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I have a base class that inherits List<> which has multiple classes derived from it.

I want to create a method that can add items to any class that has inherited from this base class, is this possible ?

pseudo code:

public class BaseList<T> : List<T> where T: baseItem
{
}

public BaseList<T> AddItems<T>(int someArg) where T: new(), baseItem
{

BaseList<T> temp = new BaseList<T>();
temp.add(new T());
temp.add(new T());
return temp;
} 

public class MyDerived: BaseList<SomeClass>
{
}

Then to call this code:

MyDerived temp = (MyDerived)AddItems();

is something like this possible ? I can't figure out the correct syntax

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3 Answers 3

up vote 4 down vote accepted

Do you really need to derive from List<T> instead of using composition?

It sounds like you want a static method in a non-generic type:

public static TList CreateList<TList,TItem>(int someArg)
    where TList : BaseList<TItem>, new()
    where TItem : baseItem, new()
{
    TList temp = new TList();
    temp.Add(new TItem());
    temp.Add(new TItem());
    return temp;
}

It doesn't seem particularly nice though... perhaps if you explained the purpose of this, we could come up with a better idea.

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There's an error in your code; fix it to TList temp = new TList(); –  configurator Feb 4 '09 at 18:46

I can't really understand your question but I have run into this problem before. If you ran into the same problem as me: you don't know the <T> parameter at compile time. Fortunately, this is a cynch to solve using interfaces - you can create a stronger type binding by using a non-generic interface.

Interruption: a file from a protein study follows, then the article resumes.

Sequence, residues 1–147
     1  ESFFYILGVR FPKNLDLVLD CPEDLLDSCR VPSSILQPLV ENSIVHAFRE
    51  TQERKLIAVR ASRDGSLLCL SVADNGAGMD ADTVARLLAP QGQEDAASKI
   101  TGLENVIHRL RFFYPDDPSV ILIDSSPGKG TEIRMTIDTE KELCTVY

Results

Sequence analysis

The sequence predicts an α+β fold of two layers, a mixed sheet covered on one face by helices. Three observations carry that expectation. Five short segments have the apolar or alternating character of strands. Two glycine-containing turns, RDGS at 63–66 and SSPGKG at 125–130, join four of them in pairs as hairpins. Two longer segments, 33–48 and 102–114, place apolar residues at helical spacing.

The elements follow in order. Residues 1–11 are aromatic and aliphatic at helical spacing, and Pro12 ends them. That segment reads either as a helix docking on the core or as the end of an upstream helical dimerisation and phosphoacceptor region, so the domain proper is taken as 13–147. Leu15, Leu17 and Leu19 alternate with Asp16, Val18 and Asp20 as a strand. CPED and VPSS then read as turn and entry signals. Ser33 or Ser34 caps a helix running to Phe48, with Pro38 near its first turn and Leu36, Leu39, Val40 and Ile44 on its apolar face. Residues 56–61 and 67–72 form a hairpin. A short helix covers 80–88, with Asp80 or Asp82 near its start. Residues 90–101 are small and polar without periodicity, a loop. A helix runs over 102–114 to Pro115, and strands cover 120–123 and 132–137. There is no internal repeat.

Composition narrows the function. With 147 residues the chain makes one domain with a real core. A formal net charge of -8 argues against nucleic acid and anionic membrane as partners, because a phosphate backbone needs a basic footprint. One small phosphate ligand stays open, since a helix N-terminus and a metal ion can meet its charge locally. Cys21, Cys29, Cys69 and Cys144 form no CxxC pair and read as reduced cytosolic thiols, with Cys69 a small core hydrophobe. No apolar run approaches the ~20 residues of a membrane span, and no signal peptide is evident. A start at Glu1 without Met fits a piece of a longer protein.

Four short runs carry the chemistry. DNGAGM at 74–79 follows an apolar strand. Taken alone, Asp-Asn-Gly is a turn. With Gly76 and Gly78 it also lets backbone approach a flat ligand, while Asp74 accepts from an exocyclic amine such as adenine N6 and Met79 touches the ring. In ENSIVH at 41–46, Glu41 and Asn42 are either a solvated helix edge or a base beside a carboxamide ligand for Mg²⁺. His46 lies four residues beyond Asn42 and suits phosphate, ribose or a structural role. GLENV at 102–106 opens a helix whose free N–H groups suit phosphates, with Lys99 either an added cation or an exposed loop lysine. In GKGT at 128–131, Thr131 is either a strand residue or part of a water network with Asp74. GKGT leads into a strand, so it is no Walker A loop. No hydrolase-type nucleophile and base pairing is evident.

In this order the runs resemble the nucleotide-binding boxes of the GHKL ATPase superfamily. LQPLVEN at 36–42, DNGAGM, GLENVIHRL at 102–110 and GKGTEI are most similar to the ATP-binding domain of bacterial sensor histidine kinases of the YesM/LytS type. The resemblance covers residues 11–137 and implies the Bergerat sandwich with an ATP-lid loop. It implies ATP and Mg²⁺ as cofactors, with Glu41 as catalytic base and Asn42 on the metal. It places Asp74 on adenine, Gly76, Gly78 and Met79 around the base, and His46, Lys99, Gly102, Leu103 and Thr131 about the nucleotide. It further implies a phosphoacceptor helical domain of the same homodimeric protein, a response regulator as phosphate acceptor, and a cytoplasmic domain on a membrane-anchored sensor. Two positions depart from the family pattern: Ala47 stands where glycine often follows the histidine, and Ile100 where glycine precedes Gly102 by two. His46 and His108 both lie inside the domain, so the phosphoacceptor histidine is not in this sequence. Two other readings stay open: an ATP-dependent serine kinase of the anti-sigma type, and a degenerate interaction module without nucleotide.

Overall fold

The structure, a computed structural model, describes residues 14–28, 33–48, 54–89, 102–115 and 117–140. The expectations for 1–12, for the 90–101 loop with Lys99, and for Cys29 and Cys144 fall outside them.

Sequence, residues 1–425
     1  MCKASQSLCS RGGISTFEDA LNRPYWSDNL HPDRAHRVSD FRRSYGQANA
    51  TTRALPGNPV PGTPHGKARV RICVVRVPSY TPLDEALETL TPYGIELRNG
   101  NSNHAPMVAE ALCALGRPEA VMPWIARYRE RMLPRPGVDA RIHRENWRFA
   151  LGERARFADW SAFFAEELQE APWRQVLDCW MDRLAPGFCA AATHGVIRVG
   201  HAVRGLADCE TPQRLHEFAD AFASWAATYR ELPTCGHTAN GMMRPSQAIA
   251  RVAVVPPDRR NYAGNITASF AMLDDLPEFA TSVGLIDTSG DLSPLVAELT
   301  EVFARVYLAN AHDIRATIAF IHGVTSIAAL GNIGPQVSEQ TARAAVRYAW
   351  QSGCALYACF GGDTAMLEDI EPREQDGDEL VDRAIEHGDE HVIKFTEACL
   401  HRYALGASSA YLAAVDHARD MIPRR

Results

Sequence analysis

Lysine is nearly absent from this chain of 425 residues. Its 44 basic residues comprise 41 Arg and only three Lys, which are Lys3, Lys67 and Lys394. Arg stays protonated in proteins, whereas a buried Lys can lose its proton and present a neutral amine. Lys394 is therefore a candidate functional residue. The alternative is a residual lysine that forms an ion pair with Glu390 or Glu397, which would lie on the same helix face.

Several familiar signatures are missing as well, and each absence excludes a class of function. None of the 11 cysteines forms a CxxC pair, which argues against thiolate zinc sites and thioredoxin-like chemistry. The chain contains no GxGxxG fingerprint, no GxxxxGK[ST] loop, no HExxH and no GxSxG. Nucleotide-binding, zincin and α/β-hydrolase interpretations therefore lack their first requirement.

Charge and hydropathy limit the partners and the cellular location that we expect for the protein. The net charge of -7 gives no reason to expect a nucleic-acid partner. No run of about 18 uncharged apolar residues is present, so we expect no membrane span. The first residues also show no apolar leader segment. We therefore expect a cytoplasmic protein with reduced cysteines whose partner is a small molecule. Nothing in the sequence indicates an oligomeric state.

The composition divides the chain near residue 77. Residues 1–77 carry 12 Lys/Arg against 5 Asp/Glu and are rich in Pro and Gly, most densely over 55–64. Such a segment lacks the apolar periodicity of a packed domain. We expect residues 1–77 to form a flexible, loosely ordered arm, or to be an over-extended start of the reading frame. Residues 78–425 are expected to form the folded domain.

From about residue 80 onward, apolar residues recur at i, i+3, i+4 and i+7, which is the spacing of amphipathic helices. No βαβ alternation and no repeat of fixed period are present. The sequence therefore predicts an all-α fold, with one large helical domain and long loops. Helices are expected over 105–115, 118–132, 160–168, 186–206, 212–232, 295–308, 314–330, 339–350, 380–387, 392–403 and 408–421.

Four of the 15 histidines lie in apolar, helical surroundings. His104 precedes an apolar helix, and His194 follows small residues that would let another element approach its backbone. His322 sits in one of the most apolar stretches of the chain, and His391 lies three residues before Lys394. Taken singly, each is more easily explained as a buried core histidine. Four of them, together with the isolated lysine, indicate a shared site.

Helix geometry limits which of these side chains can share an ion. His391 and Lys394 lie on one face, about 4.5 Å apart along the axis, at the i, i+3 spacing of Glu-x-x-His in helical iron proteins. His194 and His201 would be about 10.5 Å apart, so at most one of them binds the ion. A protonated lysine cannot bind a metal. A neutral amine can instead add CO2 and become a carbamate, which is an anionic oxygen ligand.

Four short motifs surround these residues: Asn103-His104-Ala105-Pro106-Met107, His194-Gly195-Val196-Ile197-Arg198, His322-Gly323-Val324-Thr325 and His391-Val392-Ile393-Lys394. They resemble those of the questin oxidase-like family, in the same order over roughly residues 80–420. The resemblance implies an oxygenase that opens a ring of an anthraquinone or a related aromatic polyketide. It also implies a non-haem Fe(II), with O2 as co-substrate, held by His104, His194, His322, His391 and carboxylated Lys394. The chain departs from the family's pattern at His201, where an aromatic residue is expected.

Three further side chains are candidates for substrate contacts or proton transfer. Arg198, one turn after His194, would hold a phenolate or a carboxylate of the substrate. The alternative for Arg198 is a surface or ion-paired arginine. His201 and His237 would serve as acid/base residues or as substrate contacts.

class Program
{
    static void Main(string[] args)
    {
        IAddBaseItem addItem = new DerivedList();
        BaseItem item = new DerivedItem();
        IgnorantMethod(addItem, item);
    }

    static void IgnorantMethod(IAddBaseItem list, BaseItem item)
    {
        list.Add(item);
    }
}

class BaseItem
{
}

class BaseList<T> : List<T>, IAddBaseItem
{
    #region IAddBaseItem Members

    void IAddBaseItem.Add(BaseItem item)
    {
        if (item == null)
            Add(item);
        else
        {
            T typedItem = item as T;
            // If the 'as' operation fails the item isn't
            // of type T.
            if (typedItem == null)
                throw new ArgumentOutOfRangeException("T", "Wrong type");
            Add(typedItem);
        }
    }

    #endregion
}

class DerivedList : BaseList<DerivedItem>
{
}

class DerivedItem : BaseItem
{
}

interface IAddBaseItem
{
    void Add(BaseItem item);
}

As I said, this is my best guess as to what you are asking.

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You could also use

public static void AddItems<T>(List<T> list, int someArg) where T: new() {
    list.Add(new T());
    list.Add(new T());
}

And call it like so:

List list = new List<SomeClass>();
AddItems(list, someArg);
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